The environmental consequences of firms' activities

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Industry has been one of the first sectors to be environmentally regulated. Since the sources of pollution are large and easy to identify, more or less stringent environmental standards for product and prodcution processes are in place at present. In sum, the industrial sector has actually made more progress in reducing its environmental impact than areas such as household consumption and private transport. A continuing industrial transformation over the last decades contributed to this development: heavy manufacturing declined and the production of lighter high value-added products and the provision of more environmental friendly services was increased. Improving eco-efficiency has become a standard procedure for many enterprises and a quality aspect in the international competition. Also, environmental regulation itself has lead to the creation of new markets for environmental goods and services and kicked off a stringent growth of the environmental business sector.[1]

But there are still a lot of unsolved promblems up to date, e.g. the use of harmful substances in production processes - nearly 30.000 chemical substances are used without adequat control at the moment. Another major problem in nearly all European Member States is soil contamination from localised sources that is often related to industrial plants no longer in operation, past industrial accidents or improper industrial waste disposals. Altogether the generation and disposal of harmful waste and is another problem area.[1]

The European Commission has adopted a wide range of regulatory measures to improve environmental performance of industry and to enhance technology development: The reform of the European Chemicals Policy for example, is a central reform project of European Industrial and Environmental Policy. The proposed REACH-System (Registration, Evaluation and Authorisation of Chemicals) foresees a new procedure and aims at improving the protection of human health and the environment from the hazards of chemicals and enhancing the competitiveness of the EU chemicals industry.[1]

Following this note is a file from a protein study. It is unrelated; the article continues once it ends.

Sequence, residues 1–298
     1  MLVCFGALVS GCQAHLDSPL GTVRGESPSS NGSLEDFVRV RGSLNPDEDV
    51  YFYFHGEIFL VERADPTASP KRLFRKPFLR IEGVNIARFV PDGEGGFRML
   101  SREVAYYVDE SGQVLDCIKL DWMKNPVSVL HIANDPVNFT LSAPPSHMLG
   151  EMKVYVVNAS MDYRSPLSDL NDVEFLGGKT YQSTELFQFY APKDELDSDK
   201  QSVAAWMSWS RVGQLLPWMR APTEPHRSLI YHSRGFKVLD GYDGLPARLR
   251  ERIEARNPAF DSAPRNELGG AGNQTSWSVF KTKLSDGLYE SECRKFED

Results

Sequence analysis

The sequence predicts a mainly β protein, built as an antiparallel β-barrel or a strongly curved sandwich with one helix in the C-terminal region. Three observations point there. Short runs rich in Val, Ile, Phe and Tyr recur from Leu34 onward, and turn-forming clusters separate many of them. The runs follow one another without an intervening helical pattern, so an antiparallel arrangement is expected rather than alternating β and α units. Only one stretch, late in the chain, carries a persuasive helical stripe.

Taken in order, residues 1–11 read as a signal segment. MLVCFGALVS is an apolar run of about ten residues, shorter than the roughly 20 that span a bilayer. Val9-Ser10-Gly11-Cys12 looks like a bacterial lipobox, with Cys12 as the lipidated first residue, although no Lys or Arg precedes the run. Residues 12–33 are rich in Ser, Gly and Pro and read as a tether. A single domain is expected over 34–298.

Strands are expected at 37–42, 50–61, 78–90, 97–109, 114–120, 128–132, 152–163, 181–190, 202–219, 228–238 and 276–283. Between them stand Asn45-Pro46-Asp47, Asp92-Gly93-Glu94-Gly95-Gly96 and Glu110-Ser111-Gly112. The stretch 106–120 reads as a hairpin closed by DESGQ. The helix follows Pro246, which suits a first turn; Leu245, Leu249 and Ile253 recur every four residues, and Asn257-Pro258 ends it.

An important approach for measuring and reducing the the environmental consequences of firms' activities makes them subject to an environmental assessment at the project level (Directive 85/337/EEC), which e.g. assesses environmental impacts of major industrial installations. The assessment obligation has also been zoomed up to the level of policies, plans and programmes (Strategic Environmental Assessment, Directive 2001/42 EC). An assessment includes the analysis of the likely effects on the environment, recording those effects in a report, undertaking a public consultation on the report, taking into account the comments and the report when making the final decision and informing the public afterwards.[1]

According to the Impact Assessment Guidelines of the European Commission, the following key questions are of particular importance when examining the impacts of policy initiatives on the environmental consequences of firms' activities:

See also


  1. 1.0 1.1 1.2 1.3 1.4 JRC: IA TOOLS. Supporting inpact assessment in the European Commission. [1]

This text is for information only and is not designed to interpret or replace any reference documents.